The National Sleep Foundation has made recommendations for sleep duration for various age groups based on a literature review by an expert panel. The following recommendations on sleep durations for healthy people without sleep disorders were published in Sleep Health:
Newborns: 14–17 hours a day (previous recommendation: 12–18 hours)
Infants: 12–15 hours (previously, 14–15)
Toddlers: 11–14 hours (previously, 12–14)
Preschoolers: 10–13 hours (previously, 11–13)
School-aged children: 9–11 hours (previously, 10–11)
Teenagers: 8–10 hours (previously, 8.5–9.5)
Young adults (up to age 25): 7–9 hours
Adults (26–64 years): 7–9 hours
Older adults (65+): 7–8 hours
The FDA has approved a new treatment — Inspire Upper Airway
Stimulation therapy — for patients with moderate-to-severe
obstructive sleep apnea who cannot use a continuous positive airway
The device is implanted in the upper chest, senses breathing patterns,
and mildly stimulates the airway muscles, keeping the airway open. The
device is turned on and off using a handheld remote.
In a study published in the New England Journal of Medicine, some 125
patients (83% men, mean age: 55 years) had the device implanted. At 12
months, the number of apnea events per hour decreased by 68% and
oxygen desaturation events decreased by 70%.
The procedure to implant the device has a shorter recovery time than
surgery to alter airway or facial anatomy, according to the
manufacturer. It is expected to be available to patients by the end of
Without sufficient sleep, mood and cognition are impaired. Various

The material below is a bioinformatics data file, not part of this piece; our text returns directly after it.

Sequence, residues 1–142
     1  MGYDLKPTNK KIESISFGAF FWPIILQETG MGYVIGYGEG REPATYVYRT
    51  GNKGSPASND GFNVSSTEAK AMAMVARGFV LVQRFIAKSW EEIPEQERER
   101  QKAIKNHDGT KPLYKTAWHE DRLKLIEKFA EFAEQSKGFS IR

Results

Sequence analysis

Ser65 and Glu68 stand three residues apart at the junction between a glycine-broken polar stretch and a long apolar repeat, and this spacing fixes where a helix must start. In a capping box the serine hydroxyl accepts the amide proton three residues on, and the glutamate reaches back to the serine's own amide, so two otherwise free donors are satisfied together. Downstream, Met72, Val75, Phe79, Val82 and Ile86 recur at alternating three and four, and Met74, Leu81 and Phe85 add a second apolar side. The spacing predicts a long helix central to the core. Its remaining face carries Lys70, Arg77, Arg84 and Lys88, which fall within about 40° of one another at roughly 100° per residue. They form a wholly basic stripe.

central nervous system conditions, including migraines and seizures,
become more frequent and severe. When animals are kept from sleeping,
they ultimately die.
We need to sleep. But why? Investigators from New York developed a
technique for measuring the interstitial space in the brains of living
mice. That space is bathed by cerebrospinal fluid that is produced by
the choroid plexus and pumped back into the blood in the meninges. The
investigators found that, during sleep and anesthesia, the
interstitial space increased by 60%. The functional result of this
expansion is that many metabolites of neurons and glial cells that
spill into the interstitial space are cleared from the space much more
rapidly, enter the blood, and are detoxified by the liver. These
molecules include β-amyloid and tau, which build up in the brains of
patients with Alzheimer disease. When sleeping animals are aroused,
clearance of toxic metabolites slows markedly.
The investigators speculate that, at least in mice, buildup of toxic
metabolites in the brain’s interstitial space is a trigger for sleep
and that a key purpose of sleep is to clear such metabolites. Perhaps
we feel restored in the morning because the brain has freed itself of
toxins. This hypothesis is arresting in its simplicity and could prove
to be profoundly important in human biology.
Xie L et al. Science 2013 Oct 18.
Herculano-Houzel S. Science 2013 Oct 18.